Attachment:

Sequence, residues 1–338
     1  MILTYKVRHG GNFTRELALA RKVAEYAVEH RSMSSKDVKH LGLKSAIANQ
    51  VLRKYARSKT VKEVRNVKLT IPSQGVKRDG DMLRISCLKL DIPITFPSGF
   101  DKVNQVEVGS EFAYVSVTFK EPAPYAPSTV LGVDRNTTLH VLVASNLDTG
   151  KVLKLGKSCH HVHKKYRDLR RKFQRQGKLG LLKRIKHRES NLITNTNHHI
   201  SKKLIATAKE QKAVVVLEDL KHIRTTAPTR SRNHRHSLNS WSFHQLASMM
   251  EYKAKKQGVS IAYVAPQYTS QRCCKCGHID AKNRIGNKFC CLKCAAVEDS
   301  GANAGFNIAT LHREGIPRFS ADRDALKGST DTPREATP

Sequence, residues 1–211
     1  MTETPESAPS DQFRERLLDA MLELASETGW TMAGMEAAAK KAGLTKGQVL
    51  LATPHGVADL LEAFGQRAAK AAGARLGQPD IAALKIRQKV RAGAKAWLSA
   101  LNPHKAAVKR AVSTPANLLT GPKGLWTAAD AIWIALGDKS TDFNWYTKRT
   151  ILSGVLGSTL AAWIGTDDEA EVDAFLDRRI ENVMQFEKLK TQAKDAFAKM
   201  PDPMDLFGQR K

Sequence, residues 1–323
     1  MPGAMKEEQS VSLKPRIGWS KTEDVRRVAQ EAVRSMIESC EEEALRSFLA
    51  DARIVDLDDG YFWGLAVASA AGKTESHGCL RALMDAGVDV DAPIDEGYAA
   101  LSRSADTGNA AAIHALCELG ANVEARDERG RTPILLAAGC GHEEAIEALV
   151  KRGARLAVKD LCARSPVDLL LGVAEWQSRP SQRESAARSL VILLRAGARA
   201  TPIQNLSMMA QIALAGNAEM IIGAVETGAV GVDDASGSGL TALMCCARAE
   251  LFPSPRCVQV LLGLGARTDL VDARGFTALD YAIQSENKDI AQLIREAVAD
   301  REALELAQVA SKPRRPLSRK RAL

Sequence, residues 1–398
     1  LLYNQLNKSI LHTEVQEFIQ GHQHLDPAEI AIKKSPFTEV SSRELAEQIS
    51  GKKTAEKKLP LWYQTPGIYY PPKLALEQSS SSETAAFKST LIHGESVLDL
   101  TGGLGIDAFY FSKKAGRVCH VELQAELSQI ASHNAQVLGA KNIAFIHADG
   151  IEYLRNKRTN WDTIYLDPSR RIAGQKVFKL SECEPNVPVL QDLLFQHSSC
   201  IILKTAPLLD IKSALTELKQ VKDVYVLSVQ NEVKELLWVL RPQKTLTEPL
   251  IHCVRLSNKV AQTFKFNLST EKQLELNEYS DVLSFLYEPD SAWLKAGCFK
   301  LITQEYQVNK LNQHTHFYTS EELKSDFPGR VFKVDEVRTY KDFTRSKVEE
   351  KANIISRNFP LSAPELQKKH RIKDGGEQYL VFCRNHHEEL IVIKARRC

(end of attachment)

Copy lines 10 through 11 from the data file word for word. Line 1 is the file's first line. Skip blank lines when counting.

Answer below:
     1  MTETPESAPS DQFRERLLDA MLELASETGW TMAGMEAAAK KAGLTKGQVL
    51  LATPHGVADL LEAFGQRAAK AAGARLGQPD IAALKIRQKV RAGAKAWLSA